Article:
Home Abortion Aids & Hiv Euthanasia Homosexuality Lebanon Natural Family Planning Contact Me   
Daily News  »
Archives
Photo Album
Arabic Church News
Arabic Church Titles
Arabic Encyclopedia
Catechism of the Catholic Church
Church History
Code of Eastern Canon Law
Code of Western Canon Law
Council for Justice and Peace
Papal Documents
Papal Encyclicals
Paths of the Spirit
Pontifical Academy for Life
The 21 Ecumenical Councils
The Catholic Encyclopedia
The Encyclopedia of Philosophy
The Fathers of the Church
The Holy Father
The II Vatican Council
The List of Popes
The Mysteries of the Rosary
Way of the Cross
Question and Answer
- Faith FAQs
 
Newsletter
Your name:
   
Your email:
   
   Subscribe Unsubscribe
 
Latest Posts
- Liturgy Q&A: More on Pro Populo Masses
- Liturgy Q&A: Proper Use of the Cincture
- Liturgy Q&A: Confirmation Names
- Liturgy Q&A: Children’s Homilies
- Liturgy Q&A: Shining a Spotlight on a Monstrance
 
   
Media
-  Voice of Charity Taratil
- Charity TV Live
- Radio Maria
- Voice of Charity Live - Lebanon
 
Slide Shows & Movies
- Psalm 23
- Be United Against...
- You Are Mine
- Abortion
- Mother Teresa
- Promise
 
Calendar
  April 2021  
SunMonTueWedThuFriSat
 123
45678910
11121314151617
18192021222324
252627282930 
 
 
 
 
 
 
 
 
 
 
 
Number Of Visitors:
632388
 
Bishops appeal for respect for dignity of migrants at US-Mexico border
Honduran migrants in a caravan heading toward the border with Guatemala on their way to the US.
02 April 2021. US and Mexican Bishops highlight the plight of migrants at the border of the two countries and call for humanitarian responses that welcome, protect and promote the dignity of people who feel compelled to migrate.

By Fr. Benedict Mayaki, SJ


Bishops along the border of the United States and Mexico issued a joint statement on Thursday on the situation of migration at the frontier of the two countries.

In recent times, the US has faced increased numbers of migrants reaching its border with Mexico, presenting the governments of both countries with significant immigration challenges. Most of the migrants come from the so-called Northern Triangle of Central America – El Salvador, Guatemala and Honduras, who are experiencing a combination of push factors including poverty, inequality, violence and political instability. These challenges are further worsened by the Covid-19 pandemic and hurricanes last year.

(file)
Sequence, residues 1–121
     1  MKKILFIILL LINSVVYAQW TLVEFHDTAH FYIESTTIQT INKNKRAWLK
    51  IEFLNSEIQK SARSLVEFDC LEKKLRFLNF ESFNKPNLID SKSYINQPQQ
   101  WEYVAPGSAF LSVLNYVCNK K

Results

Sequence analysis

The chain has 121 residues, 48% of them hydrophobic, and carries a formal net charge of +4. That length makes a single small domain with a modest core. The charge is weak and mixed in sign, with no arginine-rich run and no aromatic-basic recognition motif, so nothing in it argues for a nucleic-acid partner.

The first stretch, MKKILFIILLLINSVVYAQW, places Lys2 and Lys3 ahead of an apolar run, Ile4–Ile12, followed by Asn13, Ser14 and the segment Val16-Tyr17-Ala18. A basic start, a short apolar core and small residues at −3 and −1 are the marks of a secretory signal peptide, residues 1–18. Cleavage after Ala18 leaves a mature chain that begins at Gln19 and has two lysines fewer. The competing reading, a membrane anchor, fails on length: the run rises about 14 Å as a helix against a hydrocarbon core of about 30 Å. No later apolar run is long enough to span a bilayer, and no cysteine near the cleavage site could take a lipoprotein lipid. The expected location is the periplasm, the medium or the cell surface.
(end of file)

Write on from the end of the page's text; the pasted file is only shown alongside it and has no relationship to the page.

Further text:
The Bishops expressed their concern for the “dilemma that our migrant sisters and brothers face.” For most, they explained, “the decision to migrate is not motivated by an indifference toward their homeland or the pursuit of economic prosperity; it is a matter of life or death. The situation is all the more difficult for children.”

The statement issued on Thursday was signed by nine US Bishops and six others from Mexico, including Bishop Mario E. Dorsonville, chairman of the US Bishops’ committee on migration and auxiliary Bishop of Washington.

Humanitarian solutions for migration

Acknowledging that nations have the right to maintain their borders, the Bishops highlighted that “challenges such as these require humanitarian solutions.”

They stressed that there is a shared responsibility by all nations to “preserve human life and provide for safe, orderly and humane immigration, including the right to asylum,” even though the maintenance of borders is vital to the sovereignty and self-determination of countries.

Appeal to governments

In light of the challenging situation, the Bishops appealed to governments, political leaders and civil society to work together to “welcome, protect, promote, and integrate migrants in accordance with their intrinsic dignity, as well as work with other countries in the region to eliminate conditions that compel their citizens to resort to dangerous and irregular migration, producing long-term solutions.”

Reiterating Pope Francis’ words, they noted that “unlike disagreement and conflict, persistent and courageous dialogue does not make headlines, but quietly helps the world to live much better than we imagine.” The Pope, on the eve of Easter Sunday last year, also remarked: "how beautiful it is to be Christians who offer consolation, who bear the burdens of others and who offer encouragement: messengers of life in a time of death.”

In managing the situation at the borders, therefore, the Bishops maintained that family unity must be a vital component of any response, and they appealed that special attention be given to vulnerable populations including children. At the same time, they encouraged policies supported by sound scientific rationales, conscious of the importance of public health and safety.

The Bishops also pledged their support to continue helping their respective governments’ efforts, as well as the ongoing work of Catholic organizations at the border and elsewhere, which are generously tended to by the clergy, laypeople and consecrated persons.

Concluding the joint statement, the US and Mexican Bishops prayed that in Holy Week in which we experience Christ’s Death and Resurrection, we may feel encouraged to keep going and to help migrants, “conscious that while the way ahead is long and arduous, it is not impossible if we journey together.”